5 tips for 1st-time leaders in radiology

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 - Leadership

When radiologists decide to take on a leadership role for the first time in their careers, it can be both exhilarating and a bit intimidating. A recent opinion piece in the Journal of the American College of Radiology examined this experience, breaking down several tips for making the transition as smooth as possible.

“The talents that have previously distinguished that radiologist as an outstanding clinician or researcher may not be the same as those needed to be successful as a leader,” wrote lead author Puneet Bhargava, MD, department of radiology at the University of Washington School of Medicine in Seattle, and colleagues. “An effort to ‘ease’ into a leadership role without planning, education, and experience may be fraught with unintended and undesirable consequences.”

These are five of the team’s most helpful tips:

1. Begin preparing well in advance.

“If you see yourself in a leadership position in the long term, you should start preparing as early as possible,” the authors wrote. “An easy place to begin is with seminal books and articles on leadership development.”

Another way to prepare is participating in various committees, they added, especially if the radiologist can find a mentor to help them learn how to best contribute.

2. Treat leadership as a new, separate skill.

Any radiologists considering moving into leadership is most likely going to have a strong clinical background, but that doesn’t necessarily mean they have the skills required to lead an entire group. You may be able to get by as a specialist without being friendly to your co-workers, for example, but that won’t work if you want to take that next step in your career.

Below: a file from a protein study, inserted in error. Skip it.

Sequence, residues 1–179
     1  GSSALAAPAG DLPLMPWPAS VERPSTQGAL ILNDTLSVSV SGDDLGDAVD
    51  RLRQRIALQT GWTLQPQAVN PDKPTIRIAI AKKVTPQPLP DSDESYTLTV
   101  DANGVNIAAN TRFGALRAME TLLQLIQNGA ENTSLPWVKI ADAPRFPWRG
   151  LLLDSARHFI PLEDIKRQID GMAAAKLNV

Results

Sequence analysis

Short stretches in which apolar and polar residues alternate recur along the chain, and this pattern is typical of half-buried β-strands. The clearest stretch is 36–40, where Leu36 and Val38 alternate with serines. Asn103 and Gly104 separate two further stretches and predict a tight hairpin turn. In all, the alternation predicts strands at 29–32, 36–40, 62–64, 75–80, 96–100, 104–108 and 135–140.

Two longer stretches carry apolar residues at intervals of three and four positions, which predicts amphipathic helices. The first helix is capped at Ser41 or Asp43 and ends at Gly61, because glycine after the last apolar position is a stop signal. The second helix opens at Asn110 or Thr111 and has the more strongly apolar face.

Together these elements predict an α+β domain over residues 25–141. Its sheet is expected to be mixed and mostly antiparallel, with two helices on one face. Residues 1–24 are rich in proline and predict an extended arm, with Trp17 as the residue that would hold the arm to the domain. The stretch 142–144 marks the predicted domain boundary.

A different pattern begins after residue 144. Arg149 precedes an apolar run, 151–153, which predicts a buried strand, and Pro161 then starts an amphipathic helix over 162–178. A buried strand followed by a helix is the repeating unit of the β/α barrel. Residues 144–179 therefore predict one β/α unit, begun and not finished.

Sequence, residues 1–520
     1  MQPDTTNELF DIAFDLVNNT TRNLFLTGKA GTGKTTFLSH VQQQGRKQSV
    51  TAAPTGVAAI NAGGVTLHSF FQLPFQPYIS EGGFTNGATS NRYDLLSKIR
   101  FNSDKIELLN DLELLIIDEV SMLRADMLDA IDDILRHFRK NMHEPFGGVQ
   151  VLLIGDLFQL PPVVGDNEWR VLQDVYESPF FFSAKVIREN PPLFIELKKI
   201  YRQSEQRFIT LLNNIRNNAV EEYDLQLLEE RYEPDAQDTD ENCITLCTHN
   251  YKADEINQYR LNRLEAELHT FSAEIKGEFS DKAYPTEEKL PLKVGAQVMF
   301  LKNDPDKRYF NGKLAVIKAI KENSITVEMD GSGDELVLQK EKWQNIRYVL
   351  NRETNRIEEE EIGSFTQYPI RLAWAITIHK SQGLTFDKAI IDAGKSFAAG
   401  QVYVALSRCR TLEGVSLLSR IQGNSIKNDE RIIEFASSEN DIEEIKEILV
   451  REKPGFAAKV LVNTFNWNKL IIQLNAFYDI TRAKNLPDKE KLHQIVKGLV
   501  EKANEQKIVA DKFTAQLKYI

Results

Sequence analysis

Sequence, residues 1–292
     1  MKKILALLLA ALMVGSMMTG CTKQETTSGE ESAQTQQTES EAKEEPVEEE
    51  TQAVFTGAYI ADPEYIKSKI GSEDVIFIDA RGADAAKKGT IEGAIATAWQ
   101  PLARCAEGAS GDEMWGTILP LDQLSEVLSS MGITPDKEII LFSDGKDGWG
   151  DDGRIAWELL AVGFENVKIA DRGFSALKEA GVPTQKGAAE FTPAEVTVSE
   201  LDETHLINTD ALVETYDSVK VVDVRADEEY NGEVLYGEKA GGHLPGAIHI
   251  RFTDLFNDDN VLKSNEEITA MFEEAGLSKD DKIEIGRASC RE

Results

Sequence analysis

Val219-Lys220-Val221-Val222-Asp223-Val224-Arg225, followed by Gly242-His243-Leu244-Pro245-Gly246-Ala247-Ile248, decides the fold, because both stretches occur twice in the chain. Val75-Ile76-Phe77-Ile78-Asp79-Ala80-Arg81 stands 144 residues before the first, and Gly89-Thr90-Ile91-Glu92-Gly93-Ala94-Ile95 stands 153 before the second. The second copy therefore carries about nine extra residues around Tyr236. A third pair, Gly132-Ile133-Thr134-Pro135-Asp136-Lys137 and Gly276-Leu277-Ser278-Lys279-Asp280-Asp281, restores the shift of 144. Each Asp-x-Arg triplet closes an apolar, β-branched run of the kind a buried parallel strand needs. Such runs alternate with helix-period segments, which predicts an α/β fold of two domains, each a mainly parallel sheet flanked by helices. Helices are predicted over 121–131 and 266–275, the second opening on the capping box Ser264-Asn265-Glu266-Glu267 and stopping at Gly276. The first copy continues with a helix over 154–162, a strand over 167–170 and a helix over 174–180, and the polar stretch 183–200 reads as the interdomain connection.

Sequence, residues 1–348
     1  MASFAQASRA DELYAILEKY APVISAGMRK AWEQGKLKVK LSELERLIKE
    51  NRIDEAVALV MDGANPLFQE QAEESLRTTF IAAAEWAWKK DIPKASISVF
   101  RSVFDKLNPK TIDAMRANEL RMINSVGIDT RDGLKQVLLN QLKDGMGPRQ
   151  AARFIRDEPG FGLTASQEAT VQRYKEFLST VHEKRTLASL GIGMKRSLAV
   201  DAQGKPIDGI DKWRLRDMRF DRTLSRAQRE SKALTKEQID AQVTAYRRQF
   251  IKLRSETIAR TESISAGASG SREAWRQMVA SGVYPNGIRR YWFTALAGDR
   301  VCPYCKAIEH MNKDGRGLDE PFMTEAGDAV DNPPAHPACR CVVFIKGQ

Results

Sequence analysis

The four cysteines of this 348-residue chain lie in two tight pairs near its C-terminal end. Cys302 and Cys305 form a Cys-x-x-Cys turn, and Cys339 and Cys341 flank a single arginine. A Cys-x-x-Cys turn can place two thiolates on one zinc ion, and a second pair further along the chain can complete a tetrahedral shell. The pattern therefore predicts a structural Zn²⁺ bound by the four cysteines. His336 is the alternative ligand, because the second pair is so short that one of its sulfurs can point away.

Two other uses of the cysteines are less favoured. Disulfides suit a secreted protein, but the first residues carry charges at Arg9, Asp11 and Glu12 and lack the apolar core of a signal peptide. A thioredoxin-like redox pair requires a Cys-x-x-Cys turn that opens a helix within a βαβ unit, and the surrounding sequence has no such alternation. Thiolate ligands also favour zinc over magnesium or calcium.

“Your success is related to planning and implementing a progressive agenda for the entire group,” wrote Bhargava et al. “It is important to focus on learning ‘soft’ political, social, and cultural skills (the so-called people skills), which can help make you a charismatic and motivational leader.”

3. Communicate, communicate, communicate.

First-time leaders must understand how important communication is to their success. A leader must establish their vision for the future, share it with their team and then create a “safe environment for healthy debates and differences of opinion.”

The authors add that changes should be implemented slowly, and there should be a way for the team to provide honest feedback about how things are going.

4. Put together a strong, balanced team.

New leaders must remember that teamwork means more than simply telling everyone to get along; hiring decisions must be made that will help the team truly be the best it can be.

“Recruit those individuals whose skills complement those you feel are lacking on your team,” the authors wrote. “For example, if your group lacks adequate subspecialty radiologists, such as a cardiac radiologist or a dedicated vascular imaging technician, hire one. Delicately balance internal recruitment to preserve local culture with external recruitment for fresh ideas and a different perspective.”

5. Lead by looking beyond your own team.

Bhargava and colleagues noted that being a leader also means communicating with other individuals and other leaders outside of your own team. Finding a mentor or participating in imaging societies are just two ways that a leader can explore new ideas.